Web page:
"Complications" are likely. A few other possible complications that the ads usually forget to mention, as compiled by Dr. Paul Ernsberger and Sandy Swarzc: adhesions and polyps, massive scar tissue, advanced aging, anemia, arthritis, blackouts/fainting, bloating, body secretions (odor like rotten meat), bowel/fecal impaction, cancer (of the stomach, esophagus, pancreas, and bowel), chest pain from vomiting, circulation impairment, cold intolerance, constipation, depression, diarrhea, digestive impairment due to heavy mucus, digestive irregularities, diverticulitis, drainage problems at incision, early onset of diabetes, early onset of hypertension, electrolyte imbalance, erosion of tooth enamel, excessive dry skin, excessive stomach acid, esophageal contractions, esophageal erosion and scarring, feeling ill, gallbladder distress, gynecological complications, hair loss, hemorrhoids, hernia, hormone imbalances, impaired mobility, infection from leakage into body cavities (peritonitis), infertility, intestinal atrophy, intestinal gas, involuntary anorexia, irregular body fat distribution (lumpy body), iron deficiency, kidney impairment and failure, liver impairment and failure, loss of energy, loss of muscle control, loss of skin integrity, low hemoglobin, lowered immunity and increased susceptibility to illnesses, malfunction of the pituitary gland, muscle cramps, nausea, neural tube defects in your children, neurological impairment (nerve and brain damage), osteoporosis, pancreas impairment, pain along the left side, pain on digestion, pain on evacuation, peeling of fingernails, potassium loss, pulmonary embolus, putrid breath and stomach odor, rectal bleeding, shrinking of intestines, stomach pain, sleep irregularities, suicidal thoughts, thyroid malfunction, urinary tract infection, vitamin and mineral deficiency, vitamin and mineral malabsorption, violent hiccups that persist daily, vomiting from blockage, vomiting from drinking too fast, vomiting from eating too fast, vomiting from eating too much (more than 2 ounces) . . . and best of all—weight regain.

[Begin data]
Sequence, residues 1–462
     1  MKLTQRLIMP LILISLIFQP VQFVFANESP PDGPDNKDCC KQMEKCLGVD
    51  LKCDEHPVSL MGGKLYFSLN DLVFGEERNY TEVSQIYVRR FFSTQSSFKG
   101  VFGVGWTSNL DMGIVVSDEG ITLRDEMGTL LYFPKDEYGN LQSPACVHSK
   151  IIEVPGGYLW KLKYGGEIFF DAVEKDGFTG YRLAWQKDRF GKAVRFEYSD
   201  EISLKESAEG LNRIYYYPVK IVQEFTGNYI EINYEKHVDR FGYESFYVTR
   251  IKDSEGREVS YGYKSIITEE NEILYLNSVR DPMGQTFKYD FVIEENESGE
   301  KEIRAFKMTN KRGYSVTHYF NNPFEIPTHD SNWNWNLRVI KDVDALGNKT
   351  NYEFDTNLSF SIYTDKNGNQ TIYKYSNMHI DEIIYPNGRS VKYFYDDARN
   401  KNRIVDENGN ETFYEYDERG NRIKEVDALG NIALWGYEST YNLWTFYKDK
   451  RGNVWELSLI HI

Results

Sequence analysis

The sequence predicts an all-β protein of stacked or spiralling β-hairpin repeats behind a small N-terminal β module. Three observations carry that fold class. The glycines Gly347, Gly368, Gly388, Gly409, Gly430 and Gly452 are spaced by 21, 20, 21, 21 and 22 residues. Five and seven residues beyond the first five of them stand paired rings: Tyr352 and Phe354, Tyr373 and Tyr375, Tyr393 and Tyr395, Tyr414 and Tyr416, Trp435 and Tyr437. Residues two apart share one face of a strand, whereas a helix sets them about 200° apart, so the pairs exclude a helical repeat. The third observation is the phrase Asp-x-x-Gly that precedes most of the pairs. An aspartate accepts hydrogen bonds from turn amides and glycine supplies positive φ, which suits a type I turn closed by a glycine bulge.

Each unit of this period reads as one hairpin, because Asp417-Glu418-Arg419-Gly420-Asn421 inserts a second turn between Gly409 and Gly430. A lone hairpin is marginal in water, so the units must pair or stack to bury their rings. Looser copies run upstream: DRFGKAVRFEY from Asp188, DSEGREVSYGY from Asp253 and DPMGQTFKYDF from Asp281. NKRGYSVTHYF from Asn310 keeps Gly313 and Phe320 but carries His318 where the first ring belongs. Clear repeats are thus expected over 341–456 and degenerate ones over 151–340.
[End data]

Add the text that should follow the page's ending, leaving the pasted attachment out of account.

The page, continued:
Even the developer of gastric bypass, Dr. Edward Mason, has his doubts about it: